“I am interested in oncology because I have a curiosity for intriguing oncology treatments. These life-changing treatments really do matter because the people receiving them matter. My mother survived cancer, and she has shown me the value of supporting others. I use this mindset as I provide support for families at the SECU Family House. Also, I have come to the realize that supporting others is truly a blessing on earth.”
Lindsey Humphrey, BSN ‘22
“I am interested in oncology nursing because I have seen the profound impact of oncology nursing through the life of my grandfather. Seeing patient and family-centered care firsthand, I gained the utmost respect for oncology nurses, leading me to apply to nursing school. I am eager to learn more about the oncology nurse’s role from providing infusion services and radiation therapies to making known the available patient support programs and clinical trial options.”
Lauren Larison, BSN ‘22
“My experiences in the pediatric and adult hematology oncology settings have provided a vantage point that allows me to empathize with patients in a way that only few nurses can. These experiences in the hospital setting have been gained through multi-lensed views — health care worker, caregiver and patient. I have pursued this fellowship opportunity to build an expansive skill-set in holistic and multidisciplinary care, practice- focused research, and innovative leadership, skills that will ultimately strengthen my ability as a nurse to provide comprehensive and compassionate care.”
Robert Streeter BSN ‘21
“My interest in oncology began when I was working as a paramedic outside of Pittsburgh, PA. I have a large interest in palliative care and compassionate patient care. Since the beginning of my paramedic career, I have had the opportunity to interact with numerous patients undergoing treatment for various cancers, with every encounter fueling an interest in oncology. Specifically, I am interested in palliative care and end-of-life care, and I wish to discover new ways to provide culturally sensitive, compassionate and evidence-based care to patients and their families during this challenging time in their lives. I am thankful and excited for the opportunity to pursue my interests with this fellowship.”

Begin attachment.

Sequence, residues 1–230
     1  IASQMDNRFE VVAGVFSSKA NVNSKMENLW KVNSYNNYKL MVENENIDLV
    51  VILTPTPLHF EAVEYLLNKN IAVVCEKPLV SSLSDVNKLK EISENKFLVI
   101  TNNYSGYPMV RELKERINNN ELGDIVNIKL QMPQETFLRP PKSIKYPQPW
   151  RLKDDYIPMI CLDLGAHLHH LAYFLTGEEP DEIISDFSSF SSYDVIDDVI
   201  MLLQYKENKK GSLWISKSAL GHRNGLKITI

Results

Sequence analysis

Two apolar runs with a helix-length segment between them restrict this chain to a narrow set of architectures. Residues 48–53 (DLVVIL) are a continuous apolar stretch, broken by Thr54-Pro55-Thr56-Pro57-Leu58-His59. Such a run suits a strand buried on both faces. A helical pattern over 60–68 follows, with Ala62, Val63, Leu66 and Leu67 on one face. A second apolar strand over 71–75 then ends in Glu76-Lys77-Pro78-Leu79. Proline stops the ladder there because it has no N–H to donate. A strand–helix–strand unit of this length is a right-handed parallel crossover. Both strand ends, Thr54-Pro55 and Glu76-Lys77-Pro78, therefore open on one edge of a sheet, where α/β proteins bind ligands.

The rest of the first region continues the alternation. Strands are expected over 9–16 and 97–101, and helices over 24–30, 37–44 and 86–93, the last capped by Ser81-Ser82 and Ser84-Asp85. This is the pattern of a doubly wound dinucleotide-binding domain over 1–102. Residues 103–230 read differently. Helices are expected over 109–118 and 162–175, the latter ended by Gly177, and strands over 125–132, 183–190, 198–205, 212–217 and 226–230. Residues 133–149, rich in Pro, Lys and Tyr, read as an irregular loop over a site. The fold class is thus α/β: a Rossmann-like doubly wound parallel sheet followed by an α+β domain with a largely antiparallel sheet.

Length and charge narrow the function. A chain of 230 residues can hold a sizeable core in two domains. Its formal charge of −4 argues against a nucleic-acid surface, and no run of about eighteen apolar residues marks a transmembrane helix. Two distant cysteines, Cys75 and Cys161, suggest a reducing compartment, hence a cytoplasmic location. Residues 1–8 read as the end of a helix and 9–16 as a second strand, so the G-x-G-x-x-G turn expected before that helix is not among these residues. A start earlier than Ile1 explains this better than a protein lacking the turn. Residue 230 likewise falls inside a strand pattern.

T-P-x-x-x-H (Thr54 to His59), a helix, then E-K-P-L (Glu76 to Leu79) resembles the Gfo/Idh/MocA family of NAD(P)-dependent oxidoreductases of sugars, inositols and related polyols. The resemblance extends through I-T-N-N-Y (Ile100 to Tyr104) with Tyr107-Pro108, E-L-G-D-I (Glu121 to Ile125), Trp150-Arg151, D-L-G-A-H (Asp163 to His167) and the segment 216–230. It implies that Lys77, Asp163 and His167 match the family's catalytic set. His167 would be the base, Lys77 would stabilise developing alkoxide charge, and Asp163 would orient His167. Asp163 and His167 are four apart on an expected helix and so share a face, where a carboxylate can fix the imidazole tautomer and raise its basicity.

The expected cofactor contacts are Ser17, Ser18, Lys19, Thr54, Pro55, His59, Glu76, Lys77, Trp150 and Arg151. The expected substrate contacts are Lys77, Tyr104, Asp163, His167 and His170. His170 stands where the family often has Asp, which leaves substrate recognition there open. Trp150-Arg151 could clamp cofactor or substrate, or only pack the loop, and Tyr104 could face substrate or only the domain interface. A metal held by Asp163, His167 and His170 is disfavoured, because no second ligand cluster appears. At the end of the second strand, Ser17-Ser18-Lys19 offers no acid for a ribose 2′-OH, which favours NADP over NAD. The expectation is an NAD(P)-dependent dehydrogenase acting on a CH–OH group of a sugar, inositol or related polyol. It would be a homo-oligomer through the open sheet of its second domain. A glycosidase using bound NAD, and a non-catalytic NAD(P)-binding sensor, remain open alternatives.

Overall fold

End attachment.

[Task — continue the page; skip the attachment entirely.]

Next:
Jenny Warnasch, BSN ‘22
“I’m interested in many aspects of oncology nursing including palliative care, end-of-life care, surgery, a changing treatment landscape driven by research, nursing that requires highly technical skills, and opportunities for complementary medicine. I’m also drawn to an environment in which I can get to know my patients as I work with them through the duration of their care, sharing both the good times and the challenging times. I’m very excited and grateful for this opportunity to explore oncology nursing.”
Alexa Woodard, BSN ‘22
“By witnessing the devastating toll of cancer within my own family, I have developed a passion for improving cancer treatments via epigenetic advancements and ensuring that cancer patients and their families receive the best possible care. I am also interested in learning how to improve access to advanced cancer within rural and underserved communities.”